Time, Money, and Energy

Time, Money, and Energy

Here is a chart you may have seen on time money and energy on how it relates to the various stages of life. It may not be true for all people, but it is generally true for a lot of folks.

Whatever applies to you, it comes down to what are you doing with the resources you have been given at this time in your life?

Here is the parable of the talents that Jesus taught in Matthew 25. Let’s meditate upon this today.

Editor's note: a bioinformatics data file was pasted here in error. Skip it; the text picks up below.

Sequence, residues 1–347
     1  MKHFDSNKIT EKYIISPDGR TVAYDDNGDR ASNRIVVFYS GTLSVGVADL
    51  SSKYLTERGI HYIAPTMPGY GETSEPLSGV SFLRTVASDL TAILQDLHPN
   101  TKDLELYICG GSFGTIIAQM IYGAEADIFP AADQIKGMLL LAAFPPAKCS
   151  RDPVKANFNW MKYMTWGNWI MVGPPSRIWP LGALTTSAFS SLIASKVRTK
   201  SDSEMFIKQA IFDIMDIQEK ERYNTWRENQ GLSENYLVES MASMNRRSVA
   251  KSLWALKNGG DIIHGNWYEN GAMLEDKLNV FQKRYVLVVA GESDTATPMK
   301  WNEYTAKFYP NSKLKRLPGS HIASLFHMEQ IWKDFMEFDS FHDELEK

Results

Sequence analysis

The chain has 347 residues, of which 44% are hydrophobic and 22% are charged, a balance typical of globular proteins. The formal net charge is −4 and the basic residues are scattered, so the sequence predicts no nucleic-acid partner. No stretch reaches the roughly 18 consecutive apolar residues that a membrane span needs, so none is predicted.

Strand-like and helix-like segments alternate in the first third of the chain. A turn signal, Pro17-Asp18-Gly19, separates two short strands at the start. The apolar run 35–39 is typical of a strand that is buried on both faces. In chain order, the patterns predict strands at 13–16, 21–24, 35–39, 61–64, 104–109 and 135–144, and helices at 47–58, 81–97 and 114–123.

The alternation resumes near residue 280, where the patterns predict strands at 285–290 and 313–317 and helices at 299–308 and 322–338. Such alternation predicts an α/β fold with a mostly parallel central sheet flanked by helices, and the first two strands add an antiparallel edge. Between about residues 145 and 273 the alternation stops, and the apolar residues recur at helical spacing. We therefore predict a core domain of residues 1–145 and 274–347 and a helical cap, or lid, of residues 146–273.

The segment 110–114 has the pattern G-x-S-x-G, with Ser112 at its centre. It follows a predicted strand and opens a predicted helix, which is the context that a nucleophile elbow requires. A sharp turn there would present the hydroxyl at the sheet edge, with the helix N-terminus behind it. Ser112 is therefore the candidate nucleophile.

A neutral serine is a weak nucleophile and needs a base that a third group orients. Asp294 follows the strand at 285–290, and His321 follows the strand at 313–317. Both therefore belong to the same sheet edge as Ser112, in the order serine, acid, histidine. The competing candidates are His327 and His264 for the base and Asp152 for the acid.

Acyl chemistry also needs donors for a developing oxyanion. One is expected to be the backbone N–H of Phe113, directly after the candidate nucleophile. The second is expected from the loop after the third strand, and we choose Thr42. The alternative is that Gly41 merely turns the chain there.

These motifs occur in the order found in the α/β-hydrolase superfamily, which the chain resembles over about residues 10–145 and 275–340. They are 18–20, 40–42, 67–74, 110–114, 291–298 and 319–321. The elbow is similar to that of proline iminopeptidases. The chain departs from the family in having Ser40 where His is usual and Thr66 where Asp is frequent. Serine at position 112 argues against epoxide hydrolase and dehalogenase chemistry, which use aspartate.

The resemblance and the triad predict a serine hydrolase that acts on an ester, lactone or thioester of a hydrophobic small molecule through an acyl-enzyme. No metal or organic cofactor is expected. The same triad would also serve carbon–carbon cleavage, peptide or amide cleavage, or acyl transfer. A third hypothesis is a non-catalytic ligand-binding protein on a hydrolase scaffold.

“For it will be like a man going on a journey, who called his servants and entrusted to them his property. To one he gave five talents, to another two, to another one, to each according to his ability. Then he went away. He who had received the five talents went at once and traded with them, and he made five talents more. So also he who had the two talents made two talents more. But he who had received the one talent went and dug in the ground and hid his master’s money. Now after a long time the master of those servants came and settled accounts with them. And he who had received the five talents came forward, bringing five talents more, saying, ‘Master, you delivered to me five talents; here I have made five talents more.’ His master said to him, ‘Well done, good and faithful servant. You have been faithful over a little; I will set you over much. Enter into the joy of your master.’ And he also who had the two talents came forward, saying, ‘Master, you delivered to me two talents; here I have made two talents more.’ His master said to him, ‘Well done, good and faithful servant. You have been faithful over a little; I will set you over much. Enter into the joy of your master.’ He also who had received the one talent came forward, saying, ‘Master, I knew you to be a hard man, reaping where you did not sow, and gathering where you scattered no seed, so I was afraid, and I went and hid your talent in the ground. Here you have what is yours.’ But his master answered him, ‘You wicked and slothful servant! You knew that I reap where I have not sown and gather where I scattered no seed? Then you ought to have invested my money with the bankers, and at my coming I should have received what was my own with interest. So take the talent from him and give it to him who has the ten talents. For to everyone who has will more be given, and he will have an abundance. But from the one who has not, even what he has will be taken away. And cast the worthless servant into the outer darkness. In that place there will be weeping and gnashing of teeth.’